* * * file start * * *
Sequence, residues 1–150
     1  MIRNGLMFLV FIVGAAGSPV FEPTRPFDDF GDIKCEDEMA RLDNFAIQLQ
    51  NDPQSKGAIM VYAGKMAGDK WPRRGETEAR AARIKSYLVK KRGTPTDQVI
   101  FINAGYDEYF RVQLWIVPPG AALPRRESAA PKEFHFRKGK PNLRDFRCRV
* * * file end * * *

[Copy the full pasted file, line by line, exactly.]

Sequence, residues 1–150
     1  MIRNGLMFLV FIVGAAGSPV FEPTRPFDDF GDIKCEDEMA RLDNFAIQLQ
    51  NDPQSKGAIM VYAGKMAGDK WPRRGETEAR AARIKSYLVK KRGTPTDQVI
   101  FINAGYDEYF RVQLWIVPPG AALPRRESAA PKEFHFRKGK PNLRDFRCRV